Sunday, December 23, 2012

Christmas Communion

Come and see!  Said Andrew to Peter

Come and see!  Said Philip to Nathanael

Come and see … the word made flesh, the lamb of God who takes away the sins of the world,

Come and see … an ordinary man from Nazareth who is a remarkable teacher

Come and see … the Son of God the King of kings

Come and see!

Christmas is almost upon us … and once again we turn to John’s Gospel.

But today the invitation is subtly different.

In some ways the fourth gospel is the most spiritual of the Gospels.  It’s where you find those wonderful I am sayings of Jesus.  I am the light of the world, whoever follows me will not walk in darkness but will have the light of life.

I am the way, the truth and the life no one comes to the Father except through me.

I am the resurrection and the life.  Those who believe in me, even though they die, will live, and everyone who lives and believes in me will never die.

And yet in other ways the fourth Gospel  is the most tactile, the most concrete, the most down to earth.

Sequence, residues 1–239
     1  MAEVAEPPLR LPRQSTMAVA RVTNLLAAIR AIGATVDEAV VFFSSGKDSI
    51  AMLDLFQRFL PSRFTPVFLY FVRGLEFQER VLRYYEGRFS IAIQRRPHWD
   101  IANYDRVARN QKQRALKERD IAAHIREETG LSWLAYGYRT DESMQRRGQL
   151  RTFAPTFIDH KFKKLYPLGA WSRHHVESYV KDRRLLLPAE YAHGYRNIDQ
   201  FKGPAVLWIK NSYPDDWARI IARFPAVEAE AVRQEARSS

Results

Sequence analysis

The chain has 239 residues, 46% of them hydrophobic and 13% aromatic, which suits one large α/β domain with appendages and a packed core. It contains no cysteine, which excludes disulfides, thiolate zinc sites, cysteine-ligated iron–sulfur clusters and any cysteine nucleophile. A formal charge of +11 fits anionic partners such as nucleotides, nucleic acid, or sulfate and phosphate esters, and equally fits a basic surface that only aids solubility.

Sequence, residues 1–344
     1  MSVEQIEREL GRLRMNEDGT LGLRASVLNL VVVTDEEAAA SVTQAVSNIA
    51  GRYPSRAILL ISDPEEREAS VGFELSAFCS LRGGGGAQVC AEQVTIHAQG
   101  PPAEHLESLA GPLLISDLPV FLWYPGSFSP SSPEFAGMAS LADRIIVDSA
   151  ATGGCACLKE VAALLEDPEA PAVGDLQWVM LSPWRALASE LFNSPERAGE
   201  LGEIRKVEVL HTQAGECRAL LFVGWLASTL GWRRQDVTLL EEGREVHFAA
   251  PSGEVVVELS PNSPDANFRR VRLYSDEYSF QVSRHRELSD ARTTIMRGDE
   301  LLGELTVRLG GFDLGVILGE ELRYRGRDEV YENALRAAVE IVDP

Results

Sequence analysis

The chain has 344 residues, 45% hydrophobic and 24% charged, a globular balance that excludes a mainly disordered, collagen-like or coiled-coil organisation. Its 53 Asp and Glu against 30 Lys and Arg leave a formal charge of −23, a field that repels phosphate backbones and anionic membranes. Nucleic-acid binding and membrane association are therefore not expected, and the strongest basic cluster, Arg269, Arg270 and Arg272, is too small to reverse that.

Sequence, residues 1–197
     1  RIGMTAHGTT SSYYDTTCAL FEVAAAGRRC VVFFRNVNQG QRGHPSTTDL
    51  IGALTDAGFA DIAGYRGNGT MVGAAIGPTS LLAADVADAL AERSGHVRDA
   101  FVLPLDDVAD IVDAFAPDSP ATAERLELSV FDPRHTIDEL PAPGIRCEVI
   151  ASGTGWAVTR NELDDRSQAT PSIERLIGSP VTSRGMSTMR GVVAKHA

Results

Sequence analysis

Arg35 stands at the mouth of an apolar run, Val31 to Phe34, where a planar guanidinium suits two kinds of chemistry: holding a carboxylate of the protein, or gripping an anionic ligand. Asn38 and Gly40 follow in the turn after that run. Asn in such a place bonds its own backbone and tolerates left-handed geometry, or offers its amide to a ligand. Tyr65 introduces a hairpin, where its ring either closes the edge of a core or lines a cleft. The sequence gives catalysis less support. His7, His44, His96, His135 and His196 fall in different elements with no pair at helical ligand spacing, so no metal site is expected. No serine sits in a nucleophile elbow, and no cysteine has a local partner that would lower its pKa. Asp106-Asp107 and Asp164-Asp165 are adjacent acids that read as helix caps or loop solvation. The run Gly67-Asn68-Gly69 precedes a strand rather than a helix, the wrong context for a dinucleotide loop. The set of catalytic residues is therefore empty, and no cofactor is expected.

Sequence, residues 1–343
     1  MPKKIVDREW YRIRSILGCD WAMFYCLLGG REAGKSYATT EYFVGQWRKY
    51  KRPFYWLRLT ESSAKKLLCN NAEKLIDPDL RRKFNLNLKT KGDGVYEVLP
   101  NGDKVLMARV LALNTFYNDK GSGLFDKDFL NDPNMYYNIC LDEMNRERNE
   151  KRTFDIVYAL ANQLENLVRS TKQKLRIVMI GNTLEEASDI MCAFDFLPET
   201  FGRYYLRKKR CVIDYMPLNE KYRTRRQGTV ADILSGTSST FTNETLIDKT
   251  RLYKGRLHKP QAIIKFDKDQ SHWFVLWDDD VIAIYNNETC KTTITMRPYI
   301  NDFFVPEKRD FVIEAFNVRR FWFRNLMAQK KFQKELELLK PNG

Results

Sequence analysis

Nowhere is that more apparent than at the very end when it comes to John’s account of the resurrection.  You can try it for yourself.  Read through chapters 20 and 21 and underline all the words associated with the senses.

Peter and John SEE the empty tomb, Mary SEES a gardener, HEARS him say her name and is the first to carry the Easter Message of resurrection victory when she tells the other disciples, “I have SEEN the Lord”

The disciples see the risen Christ, hear his words, and then are invited to touch his hands and his side.  Thomas won’t believe unless he sees and feel just how real the risen Christ is.  He does just that and Jesus says, Have you believed because you have seen me?  Blessed are those who have not seen and yet have come to believe.”